Memories ripple in concentric circles
away from us, away from this moment,
from every tremor of your fingers,
every soft cadence of your voice—
that voice once so crisp and clear,
those fingers that once tap-danced
on your thighs, jangling your keys,
as your impatient mind raced ahead.

We both know the bay’s magical glow
died out long ago, poisoned by gas-powered
motorboats spewing their oily fumes
into the black waters—but all I remember
are our paddles dipping in molten night,
dark-shouldered mountains shrugging
around us in the distance and the lights
from faraway hill-top houses winking out,
one by one, as dawn grew near.

Sometimes I wonder why I was unable to devote myself to creating poems when I was 20, or 30, or even 40? Did I waste years that I could have spent building a writing career? Maybe so, maybe so, but I can’t help feeling that discovering the power to express myself effectively in poetry is enriching my life in ways that I would not have appreciated earlier, or welcomed properly. The anguish of self-doubt would have weighed down the pure joy that I find buoying up my daily life now.

At 50+ I can claim many freedoms I did not possess before—my hair is thinner but my skin is thicker—I can take rejection and criticism and stand my ground better, I can risk being laughed at or ignored, I have no urgent need for validation or recognition, and I can appreciate others’ writing without fear of becoming a mere imitator. In other words, I can truly enjoy the process of writing poetry!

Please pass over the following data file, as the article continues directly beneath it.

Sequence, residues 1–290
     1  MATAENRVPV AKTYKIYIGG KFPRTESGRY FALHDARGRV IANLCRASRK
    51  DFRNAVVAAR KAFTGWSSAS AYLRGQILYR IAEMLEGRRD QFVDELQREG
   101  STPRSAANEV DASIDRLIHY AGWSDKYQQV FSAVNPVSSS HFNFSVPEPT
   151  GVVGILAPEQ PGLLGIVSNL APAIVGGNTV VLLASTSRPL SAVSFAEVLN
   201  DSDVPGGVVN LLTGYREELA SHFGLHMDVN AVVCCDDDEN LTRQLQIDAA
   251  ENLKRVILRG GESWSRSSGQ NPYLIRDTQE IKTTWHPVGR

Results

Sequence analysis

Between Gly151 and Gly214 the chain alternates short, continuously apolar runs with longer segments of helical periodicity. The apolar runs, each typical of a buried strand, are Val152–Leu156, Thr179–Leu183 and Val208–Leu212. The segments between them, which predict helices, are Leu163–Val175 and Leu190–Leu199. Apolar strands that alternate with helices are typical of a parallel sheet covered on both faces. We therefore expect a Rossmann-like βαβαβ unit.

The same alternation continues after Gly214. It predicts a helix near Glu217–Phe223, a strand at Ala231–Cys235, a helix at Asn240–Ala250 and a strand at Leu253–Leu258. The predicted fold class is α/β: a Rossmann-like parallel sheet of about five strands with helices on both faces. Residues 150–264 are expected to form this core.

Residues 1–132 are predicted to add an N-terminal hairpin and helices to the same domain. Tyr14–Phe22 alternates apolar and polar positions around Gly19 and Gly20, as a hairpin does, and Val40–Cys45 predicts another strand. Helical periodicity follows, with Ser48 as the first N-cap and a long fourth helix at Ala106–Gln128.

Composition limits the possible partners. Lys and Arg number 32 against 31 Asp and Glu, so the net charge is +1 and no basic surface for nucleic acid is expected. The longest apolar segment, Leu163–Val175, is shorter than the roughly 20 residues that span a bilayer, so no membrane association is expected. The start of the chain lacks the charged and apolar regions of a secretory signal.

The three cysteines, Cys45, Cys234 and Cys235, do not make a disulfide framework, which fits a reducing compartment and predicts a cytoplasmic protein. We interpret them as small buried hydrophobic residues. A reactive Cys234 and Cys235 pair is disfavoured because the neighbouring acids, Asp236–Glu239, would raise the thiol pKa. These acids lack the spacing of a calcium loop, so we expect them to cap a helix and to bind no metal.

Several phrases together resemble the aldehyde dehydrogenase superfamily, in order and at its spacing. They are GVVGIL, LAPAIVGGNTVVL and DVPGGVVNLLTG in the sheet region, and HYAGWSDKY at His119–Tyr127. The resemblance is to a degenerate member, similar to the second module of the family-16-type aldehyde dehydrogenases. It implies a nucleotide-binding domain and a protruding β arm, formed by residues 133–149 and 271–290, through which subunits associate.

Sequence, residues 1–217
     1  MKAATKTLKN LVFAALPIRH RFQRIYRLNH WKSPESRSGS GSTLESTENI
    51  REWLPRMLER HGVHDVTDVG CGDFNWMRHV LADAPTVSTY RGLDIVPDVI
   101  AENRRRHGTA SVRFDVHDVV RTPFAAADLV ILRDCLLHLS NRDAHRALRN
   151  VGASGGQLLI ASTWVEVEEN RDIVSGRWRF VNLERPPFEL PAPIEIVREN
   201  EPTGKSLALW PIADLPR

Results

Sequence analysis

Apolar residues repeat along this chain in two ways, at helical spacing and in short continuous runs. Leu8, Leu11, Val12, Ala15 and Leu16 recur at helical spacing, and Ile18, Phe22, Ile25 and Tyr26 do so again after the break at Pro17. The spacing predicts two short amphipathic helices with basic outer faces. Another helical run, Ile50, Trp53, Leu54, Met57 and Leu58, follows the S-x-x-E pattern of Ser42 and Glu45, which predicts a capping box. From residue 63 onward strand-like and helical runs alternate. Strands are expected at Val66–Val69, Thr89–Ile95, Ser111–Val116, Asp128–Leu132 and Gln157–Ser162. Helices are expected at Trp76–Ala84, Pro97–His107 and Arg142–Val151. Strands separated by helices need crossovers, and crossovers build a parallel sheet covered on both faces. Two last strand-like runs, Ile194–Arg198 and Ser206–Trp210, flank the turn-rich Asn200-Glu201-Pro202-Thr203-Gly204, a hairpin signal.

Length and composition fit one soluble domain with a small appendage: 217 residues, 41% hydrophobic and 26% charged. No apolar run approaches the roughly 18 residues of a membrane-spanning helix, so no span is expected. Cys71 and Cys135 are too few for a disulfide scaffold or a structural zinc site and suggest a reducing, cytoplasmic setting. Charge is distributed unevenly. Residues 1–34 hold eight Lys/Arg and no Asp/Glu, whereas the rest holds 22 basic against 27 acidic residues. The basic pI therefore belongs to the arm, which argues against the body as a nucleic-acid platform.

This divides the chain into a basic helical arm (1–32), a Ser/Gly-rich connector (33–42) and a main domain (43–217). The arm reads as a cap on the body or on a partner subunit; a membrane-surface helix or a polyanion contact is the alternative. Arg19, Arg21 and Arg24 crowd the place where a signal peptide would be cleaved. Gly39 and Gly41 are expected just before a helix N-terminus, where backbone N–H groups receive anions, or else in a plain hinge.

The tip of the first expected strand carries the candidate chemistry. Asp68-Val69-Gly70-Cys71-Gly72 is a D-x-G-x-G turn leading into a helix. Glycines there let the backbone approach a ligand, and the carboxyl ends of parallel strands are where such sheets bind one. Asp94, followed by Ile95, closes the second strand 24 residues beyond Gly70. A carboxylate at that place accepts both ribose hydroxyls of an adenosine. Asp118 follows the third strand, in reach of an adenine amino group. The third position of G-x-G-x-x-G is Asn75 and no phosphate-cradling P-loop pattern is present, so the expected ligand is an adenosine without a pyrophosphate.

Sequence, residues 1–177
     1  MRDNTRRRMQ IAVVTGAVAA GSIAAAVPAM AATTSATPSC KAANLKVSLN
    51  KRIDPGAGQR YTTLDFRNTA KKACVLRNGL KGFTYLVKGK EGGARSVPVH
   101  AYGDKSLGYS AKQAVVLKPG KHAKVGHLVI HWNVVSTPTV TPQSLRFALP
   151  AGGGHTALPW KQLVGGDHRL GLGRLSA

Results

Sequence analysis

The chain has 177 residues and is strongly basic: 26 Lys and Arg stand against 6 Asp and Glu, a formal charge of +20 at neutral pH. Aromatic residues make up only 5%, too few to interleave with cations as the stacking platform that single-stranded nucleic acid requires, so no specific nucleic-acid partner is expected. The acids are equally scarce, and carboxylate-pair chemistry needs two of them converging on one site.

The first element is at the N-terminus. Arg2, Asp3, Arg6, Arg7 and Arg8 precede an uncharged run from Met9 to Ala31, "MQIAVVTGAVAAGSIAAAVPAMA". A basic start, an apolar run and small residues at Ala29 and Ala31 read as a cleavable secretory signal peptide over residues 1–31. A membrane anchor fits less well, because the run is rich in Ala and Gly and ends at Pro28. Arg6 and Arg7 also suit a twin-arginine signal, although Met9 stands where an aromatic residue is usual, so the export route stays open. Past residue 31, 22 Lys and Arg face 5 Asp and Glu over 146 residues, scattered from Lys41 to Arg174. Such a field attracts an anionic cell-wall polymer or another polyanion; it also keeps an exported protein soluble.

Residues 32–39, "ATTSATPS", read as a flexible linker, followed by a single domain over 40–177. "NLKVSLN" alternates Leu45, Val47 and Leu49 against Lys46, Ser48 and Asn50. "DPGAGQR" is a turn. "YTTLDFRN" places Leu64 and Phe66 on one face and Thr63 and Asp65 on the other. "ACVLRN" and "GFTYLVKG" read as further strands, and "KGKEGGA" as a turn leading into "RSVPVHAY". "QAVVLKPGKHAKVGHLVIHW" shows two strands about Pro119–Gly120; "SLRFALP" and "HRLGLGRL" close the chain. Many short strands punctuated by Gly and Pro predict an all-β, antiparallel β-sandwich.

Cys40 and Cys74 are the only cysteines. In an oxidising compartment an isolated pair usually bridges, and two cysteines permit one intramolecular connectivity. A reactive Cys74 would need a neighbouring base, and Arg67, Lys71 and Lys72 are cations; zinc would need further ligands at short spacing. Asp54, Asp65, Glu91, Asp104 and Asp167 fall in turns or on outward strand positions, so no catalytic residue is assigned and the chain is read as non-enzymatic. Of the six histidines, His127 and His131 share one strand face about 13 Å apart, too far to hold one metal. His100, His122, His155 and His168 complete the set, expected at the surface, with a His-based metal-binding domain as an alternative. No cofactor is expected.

Another advantage not previously available: online education, which offers training and guidance where and when you need it, often with individualized instruction. Without the advent of online instruction, I never would have found a mentor like Andrea, who is both a gifted poet and teacher, but who lives on the opposite coast!

Andrea has taught me that a poem is a journey of discovery, which must take the reader to a place neither the reader nor the writer (sometimes!) expects. My personal writing journey has taken on a new glow of excitement and adventure with surprising twists and turns. It took some courage to take that first step towards my true desire, and I may not foresee where I will end up, but now I know that the life I had lived only in my mind can become real through my poetry.♥

Beatriz F. Fernandez is a Reference Librarian at Florida International University in Miami, where she’s lived for the past 20 years. She was born in Philadelphia to a Puerto Rican father and a Peruvian mother and at age five moved to Guaynabo, Puerto Rico, where she grew up. She was the grand prize winner of the 2nd annual Writer’s Digest poetry award and has been published by Writer’s Digest, Verse Wisconsin, Lorelei Signal and Spellbound.  Visit her blog, Blog as if No One is Reading, at  Follow and Friend her at and

Andrea Hollander’s website:



Unknown said…
Sometimes I wonder why I was unable to devote myself to creating poems when I was 20, or 30, or even 40.

I agree. Crisp lines, sharp images, lean language, focused emotion,... very accomplished poem.
Unknown said…
Sometimes I wonder why I was unable to devote myself to creating poems when I was 20, or 30, or even 40.

I agree. Crisp lines, sharp images, lean language, focused emotion,... very accomplished poem.
Nebula said…
Thanks for your comment, J.A.! Are you a latecomer to writing, as well?